she had not freely consented to it. It was agreed that she could marry Ranjha, who was
told to go and prepare his wedding procession. But meanwhile, Hir's wicked uncle Kaido
poisoned Hir. She fell dead. A message was sent to Ranjha, who hurried to find out what
had happened. He was taken to Hir's tomb. Unable to bear his grief, he fell dead upon her
story of Mirza Sahiban is one of the best known folk tales of the Punjab. Mirza was the
son of Vanjal, a Kharal chief of Danabad, on the banks of the Ravi. Sahiban was the
daughter of the chief of Khiwa, a small town in Jhang district on the road from Chiniot.
Mirza's mother was a sister of the chief of Khiwa. Mirza and Sahiban were thus cousins.
young Mirza was sent to Khiwa to be educated, he found himself studying in the same school
as Sahiban. As children, they studied and played together. As they grew up, their fond
attachment blossomed into love. The awakening of love brought about a crisis in the lives
of Mirza and Sahiban. Sahiban stopped coming to the school, and Mirza returned to Danabad.
They promised to remain faithful to each other and to wait for the day they could be
forced separation of Mirza and Sahiban failed to cool their love. As the years passed,
Sahiban grew into a beautiful young woman, and Mirza became a handsome young man. In the
words of Pilu, a Punjabi poet, Sahiban was so beautiful that when she went to the market
to buy oil, the shopkeeper was so confused by her beauty that he could not hold the
weights or adjust the scales, and instead of oil, he gave her honey. Wherever she went she
attracted attention for her flaming beauty.
pined for Sahiban, so his mother went to Khiwa to ask the chief for the hand of Sahiban
for her son. The chief's sister supported Mirza's proposal, but the chief bore a grudge
against the Kharals. He refused. The crisis deepened when Sahiban was betrothed to Tahir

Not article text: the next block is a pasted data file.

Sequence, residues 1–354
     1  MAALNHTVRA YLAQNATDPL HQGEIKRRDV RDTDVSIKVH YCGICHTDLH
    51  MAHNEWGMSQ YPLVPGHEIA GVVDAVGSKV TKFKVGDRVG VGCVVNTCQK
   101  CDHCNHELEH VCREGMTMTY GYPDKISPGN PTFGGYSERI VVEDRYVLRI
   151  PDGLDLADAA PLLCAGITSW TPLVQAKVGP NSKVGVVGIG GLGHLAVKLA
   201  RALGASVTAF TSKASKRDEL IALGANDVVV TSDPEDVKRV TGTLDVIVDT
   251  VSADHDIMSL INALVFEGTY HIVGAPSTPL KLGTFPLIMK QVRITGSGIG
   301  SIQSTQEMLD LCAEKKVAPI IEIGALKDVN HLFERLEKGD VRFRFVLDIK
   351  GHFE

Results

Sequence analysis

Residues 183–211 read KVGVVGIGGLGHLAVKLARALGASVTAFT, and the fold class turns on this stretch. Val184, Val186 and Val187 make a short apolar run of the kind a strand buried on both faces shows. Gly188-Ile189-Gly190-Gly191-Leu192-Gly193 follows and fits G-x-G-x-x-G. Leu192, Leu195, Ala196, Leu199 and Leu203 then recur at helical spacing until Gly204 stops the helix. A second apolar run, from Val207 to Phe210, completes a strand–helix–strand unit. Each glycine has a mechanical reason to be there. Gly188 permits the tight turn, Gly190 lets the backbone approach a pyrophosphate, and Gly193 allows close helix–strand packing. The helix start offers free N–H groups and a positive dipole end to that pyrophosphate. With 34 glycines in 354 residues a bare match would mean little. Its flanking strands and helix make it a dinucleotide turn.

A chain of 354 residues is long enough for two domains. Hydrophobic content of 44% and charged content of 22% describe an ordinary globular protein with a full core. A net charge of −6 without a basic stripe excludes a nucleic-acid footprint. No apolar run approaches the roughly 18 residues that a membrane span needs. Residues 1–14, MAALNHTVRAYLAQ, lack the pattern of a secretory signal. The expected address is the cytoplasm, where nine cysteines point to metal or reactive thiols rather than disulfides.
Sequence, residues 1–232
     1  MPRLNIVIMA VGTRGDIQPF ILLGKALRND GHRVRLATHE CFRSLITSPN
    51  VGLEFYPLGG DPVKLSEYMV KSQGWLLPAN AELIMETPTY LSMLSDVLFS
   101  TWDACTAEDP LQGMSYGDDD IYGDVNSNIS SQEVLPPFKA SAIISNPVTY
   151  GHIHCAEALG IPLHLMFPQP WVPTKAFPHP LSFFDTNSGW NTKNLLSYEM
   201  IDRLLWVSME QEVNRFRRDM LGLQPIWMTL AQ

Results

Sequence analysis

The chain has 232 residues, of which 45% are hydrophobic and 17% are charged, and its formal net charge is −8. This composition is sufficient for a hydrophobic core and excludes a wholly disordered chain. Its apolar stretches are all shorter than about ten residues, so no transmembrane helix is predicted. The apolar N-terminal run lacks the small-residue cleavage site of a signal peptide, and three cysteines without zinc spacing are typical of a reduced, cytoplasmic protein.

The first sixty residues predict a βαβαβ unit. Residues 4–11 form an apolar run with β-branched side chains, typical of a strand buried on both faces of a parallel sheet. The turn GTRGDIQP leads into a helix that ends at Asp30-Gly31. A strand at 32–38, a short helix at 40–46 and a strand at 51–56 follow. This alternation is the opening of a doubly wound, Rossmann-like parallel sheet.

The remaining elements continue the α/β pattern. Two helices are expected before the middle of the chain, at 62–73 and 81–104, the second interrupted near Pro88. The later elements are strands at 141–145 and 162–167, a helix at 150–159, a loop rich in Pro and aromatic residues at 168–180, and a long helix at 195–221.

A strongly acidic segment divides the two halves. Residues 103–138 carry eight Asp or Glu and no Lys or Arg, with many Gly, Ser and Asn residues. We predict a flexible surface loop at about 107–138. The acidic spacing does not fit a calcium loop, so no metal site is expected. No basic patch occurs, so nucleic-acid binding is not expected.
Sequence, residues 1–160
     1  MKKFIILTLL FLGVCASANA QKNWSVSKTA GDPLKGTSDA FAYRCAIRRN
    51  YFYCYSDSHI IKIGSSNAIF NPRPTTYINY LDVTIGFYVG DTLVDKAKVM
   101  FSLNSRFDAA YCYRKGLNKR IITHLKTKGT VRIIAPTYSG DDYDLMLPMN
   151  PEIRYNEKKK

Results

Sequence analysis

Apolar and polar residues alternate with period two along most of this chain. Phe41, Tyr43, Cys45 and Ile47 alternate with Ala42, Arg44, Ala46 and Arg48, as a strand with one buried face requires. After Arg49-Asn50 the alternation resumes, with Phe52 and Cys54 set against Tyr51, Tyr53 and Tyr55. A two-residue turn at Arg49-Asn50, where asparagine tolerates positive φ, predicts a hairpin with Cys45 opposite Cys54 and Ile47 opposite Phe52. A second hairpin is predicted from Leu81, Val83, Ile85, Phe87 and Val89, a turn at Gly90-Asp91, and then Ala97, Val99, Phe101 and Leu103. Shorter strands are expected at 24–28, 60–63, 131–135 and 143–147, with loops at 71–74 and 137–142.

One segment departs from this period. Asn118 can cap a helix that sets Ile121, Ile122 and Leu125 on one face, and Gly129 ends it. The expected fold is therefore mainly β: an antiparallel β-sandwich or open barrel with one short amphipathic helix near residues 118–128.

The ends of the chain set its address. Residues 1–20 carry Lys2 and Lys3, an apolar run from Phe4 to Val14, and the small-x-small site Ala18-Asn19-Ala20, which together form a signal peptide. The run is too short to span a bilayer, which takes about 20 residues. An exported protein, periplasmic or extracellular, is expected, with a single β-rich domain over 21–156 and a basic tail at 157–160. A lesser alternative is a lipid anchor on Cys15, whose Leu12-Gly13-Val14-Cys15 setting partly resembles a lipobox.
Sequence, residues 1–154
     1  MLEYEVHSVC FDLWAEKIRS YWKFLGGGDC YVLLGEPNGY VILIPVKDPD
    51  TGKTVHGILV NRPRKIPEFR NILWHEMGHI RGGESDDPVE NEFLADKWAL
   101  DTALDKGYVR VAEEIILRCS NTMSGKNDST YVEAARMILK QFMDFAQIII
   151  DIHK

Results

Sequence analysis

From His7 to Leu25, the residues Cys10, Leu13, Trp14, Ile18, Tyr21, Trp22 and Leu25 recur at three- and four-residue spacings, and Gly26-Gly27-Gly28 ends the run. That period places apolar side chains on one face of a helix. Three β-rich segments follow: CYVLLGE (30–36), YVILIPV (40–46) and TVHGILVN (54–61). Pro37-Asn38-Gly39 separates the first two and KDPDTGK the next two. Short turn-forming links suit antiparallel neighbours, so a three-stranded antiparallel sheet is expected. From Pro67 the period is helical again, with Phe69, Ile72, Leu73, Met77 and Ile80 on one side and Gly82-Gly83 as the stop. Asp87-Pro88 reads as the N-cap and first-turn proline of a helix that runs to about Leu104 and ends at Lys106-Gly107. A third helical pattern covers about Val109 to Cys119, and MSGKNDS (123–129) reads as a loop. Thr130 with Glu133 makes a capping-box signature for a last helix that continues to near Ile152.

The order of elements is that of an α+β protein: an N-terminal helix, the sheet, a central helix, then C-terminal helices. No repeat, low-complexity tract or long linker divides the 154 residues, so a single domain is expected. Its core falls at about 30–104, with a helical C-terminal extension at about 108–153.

Khan, a young man of the Chandar tribe.
fumed and fretted at her forced betrothal. Restrictions were placed on her movements, and
she was told to banish all thought of Mirza from her mind. Her father hastened to set the
date of her wedding. Distraught, Sahiban wrote a letter to Mirza and commissioned a young
man, Karmu, to carry the letter to Danabad. In the letter, Sahiban told Mirza that her
wedding was imminent and implored him to come to Khiwa and take her away in time.
Mirza received the letter, he told his parents he was going to Khiwa to fetch Sahiban.
Mirza's sister, who was to be married on the following day, insisted that Mirza stay back
until after the wedding, but Mirza was afraid of losing Sahiban. After getting his
father's blessing, he left to keep the promise he had made.
his horse onward, Mirza rode in haste to Khiwa. No one noticed when he arrived after
sunset. He went to the house of his aunt, Bibo, and took her into confidence. Bibo brought
Sahiban to her house, where the lovers were reunited and made plans for their escape. That
night the henna ceremony was performed. Sahiban's hands were dyed with henna, and the
wedding was to take place the following day. Sahiban did not resist, having already made
her secret plans. In the dead of night, Sahiban sneaked out of the house to meet her
was no time to be lost. Mirza mounted his horse and seated Sahiban in front of him. Soon
they were galloping toward Danabad. After a couple of hours, they grew tired and decided
to stop for a while. Mirza rested under an acacia tree and soon went to sleep, but
Sahiban's fear was too great to allow her to rest. She awakened Mirza, warning him that if
her brothers caught up with them, they would kill them both. Mirza boasted that his quiver